My brain prefers circular memory palaces over cubes

As it turns out, I’m quite a bit terrible at memorizing real-life locations. At least for now. I might try again soon.

What I have realized is that I’m good with visualizing angles on a circle. I can easily divide a circle into 12 spaces and place an item on each hour for example, or even 24. All of these are distinct locations on the circle for me. I’m not sure how or why. I think it’s because in my mind, a day of 24 hours is visualized as a circle, and I see each hour in its correct location for me. If I imagine a hypothetical globe for example, I could place even more locations on this imaginary circle, each with a different longitude.

It’s weird how I can recall the difference between something like 10 degrees on a circle very accurately, (resulting in potentially 30 different spots easily) but I’m unable to recall the spatial geometry of a room. I think my brain prefers circles over cubes for some reason.

This is weird. I don’t think this has ever been reported before.

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In that case, this Mnemonic Clock may be some interest to you :slight_smile:

How much practice have you put into memorising rooms, or outdoors as part of your memory palace? Practising those on a daily basis should improve your vision of the spatial geometry of a room also.
If this doesn’t work you, you might want to focus on what works best for you instead with this weirdness. You may be able to convert this Weirdness into Geniusness by creating a new method for a memory palace :slight_smile:

Using circles and circular palaces (the rings of Heaven and Hell and the Zodiac) was common in the Renaissance, From Robert Fludd’s Ars memoriae:

From Cosmas Rossellius, Thesaurus Artificiosae Memoriae
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I grabbed those pictures from Yates, I dare say she goes into depth (when doesn’t she?) about such things.

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It is interesting that in the lower part of the circle the text is written from right to left as in a mirror.

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I seem to recall reading somewhere (might have been in Yates or Carruthers) that Dante’s “Inferno” was based on the same kind of thing. No idea why the script should be mirrored …beyond my pay grade that is :stuck_out_tongue:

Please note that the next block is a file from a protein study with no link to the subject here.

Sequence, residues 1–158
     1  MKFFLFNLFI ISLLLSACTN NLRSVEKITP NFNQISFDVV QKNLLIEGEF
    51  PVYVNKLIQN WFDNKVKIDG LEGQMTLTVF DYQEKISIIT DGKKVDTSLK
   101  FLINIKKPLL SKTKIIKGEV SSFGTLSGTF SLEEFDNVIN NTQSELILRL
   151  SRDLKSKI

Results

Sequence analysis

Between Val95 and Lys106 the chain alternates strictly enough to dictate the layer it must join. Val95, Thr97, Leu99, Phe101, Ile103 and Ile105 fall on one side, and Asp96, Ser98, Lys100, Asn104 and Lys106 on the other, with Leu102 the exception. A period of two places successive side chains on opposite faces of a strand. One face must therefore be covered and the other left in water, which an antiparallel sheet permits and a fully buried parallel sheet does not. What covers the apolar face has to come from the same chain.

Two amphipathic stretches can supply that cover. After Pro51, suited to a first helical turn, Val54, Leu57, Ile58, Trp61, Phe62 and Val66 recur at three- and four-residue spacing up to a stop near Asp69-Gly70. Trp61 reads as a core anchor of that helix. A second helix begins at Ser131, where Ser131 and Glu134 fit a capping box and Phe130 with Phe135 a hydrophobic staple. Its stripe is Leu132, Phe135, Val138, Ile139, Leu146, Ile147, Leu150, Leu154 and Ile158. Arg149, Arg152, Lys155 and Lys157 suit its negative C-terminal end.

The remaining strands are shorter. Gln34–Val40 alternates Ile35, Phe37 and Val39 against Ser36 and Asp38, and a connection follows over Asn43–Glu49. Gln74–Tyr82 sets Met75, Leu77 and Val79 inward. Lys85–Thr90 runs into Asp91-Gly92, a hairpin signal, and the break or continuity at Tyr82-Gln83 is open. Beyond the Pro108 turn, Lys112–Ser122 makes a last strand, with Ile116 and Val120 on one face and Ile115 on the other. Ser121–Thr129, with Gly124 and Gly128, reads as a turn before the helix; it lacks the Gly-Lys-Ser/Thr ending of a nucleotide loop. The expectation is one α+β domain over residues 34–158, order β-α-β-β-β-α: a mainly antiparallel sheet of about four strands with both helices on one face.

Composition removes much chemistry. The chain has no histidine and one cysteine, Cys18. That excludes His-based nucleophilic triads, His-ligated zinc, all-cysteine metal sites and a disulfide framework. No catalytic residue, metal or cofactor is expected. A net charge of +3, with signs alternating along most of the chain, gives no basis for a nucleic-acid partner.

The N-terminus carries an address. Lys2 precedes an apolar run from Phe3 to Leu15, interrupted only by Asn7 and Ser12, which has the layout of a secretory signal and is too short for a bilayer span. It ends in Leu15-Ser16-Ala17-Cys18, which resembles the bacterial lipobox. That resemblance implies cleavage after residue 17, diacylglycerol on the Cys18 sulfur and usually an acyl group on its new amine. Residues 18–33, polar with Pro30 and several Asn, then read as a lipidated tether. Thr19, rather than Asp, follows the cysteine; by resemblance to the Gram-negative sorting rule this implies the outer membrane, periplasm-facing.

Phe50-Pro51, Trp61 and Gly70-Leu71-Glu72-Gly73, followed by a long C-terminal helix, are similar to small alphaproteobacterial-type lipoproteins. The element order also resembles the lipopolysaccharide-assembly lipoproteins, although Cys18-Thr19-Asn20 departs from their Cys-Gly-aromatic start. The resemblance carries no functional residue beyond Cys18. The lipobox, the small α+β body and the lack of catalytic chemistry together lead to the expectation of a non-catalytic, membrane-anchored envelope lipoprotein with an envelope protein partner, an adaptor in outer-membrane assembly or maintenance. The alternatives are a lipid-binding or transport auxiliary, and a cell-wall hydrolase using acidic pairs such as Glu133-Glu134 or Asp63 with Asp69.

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I feel the same way. I prefer sequences, rings or trees of chambers.

My personal speculation is that square structures and 2D grids are not native to the brain and while, like any shape, they can be learned, it’s extra effort.

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Imagine these letters are in 3D space floating in the air and imagine yourself laying down under them, we see the text as if it were written the right way. We are then in a 3d world just like when we are in our loci. Just real-life space in 3D, no mirrors necessary.

Perhaps to remind the reader to mentally visualize in 3D in order to understand some of the proposed Concepts.

AnD also can use as a great exercise (picking anything, like a word, place it in a 3dimensional space, like a palace, and see how it changes as you move around it) It is also a good exercise for drawing sculpting imagining inventing, and… loci !

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That makes a lot of sense to me- not that I would claim to know anything about neuro-sciencey stuff. But i recall being taught at school in the art class that there are “no straight lines in nature” and perhaps this all ties in with what Lynne Kelly writes?

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Thank you, i shall keep that in mind…and i think your explanation for the mirror writing sounds logical too. Although possibly the apprentice type setter… :stuck_out_tongue:

In our daily experience there is one straight line that is fundamental, that of gravity: objects falling, we standing or laying, and some perpendicular to that: our two eyes, the surface of calm water, etc.

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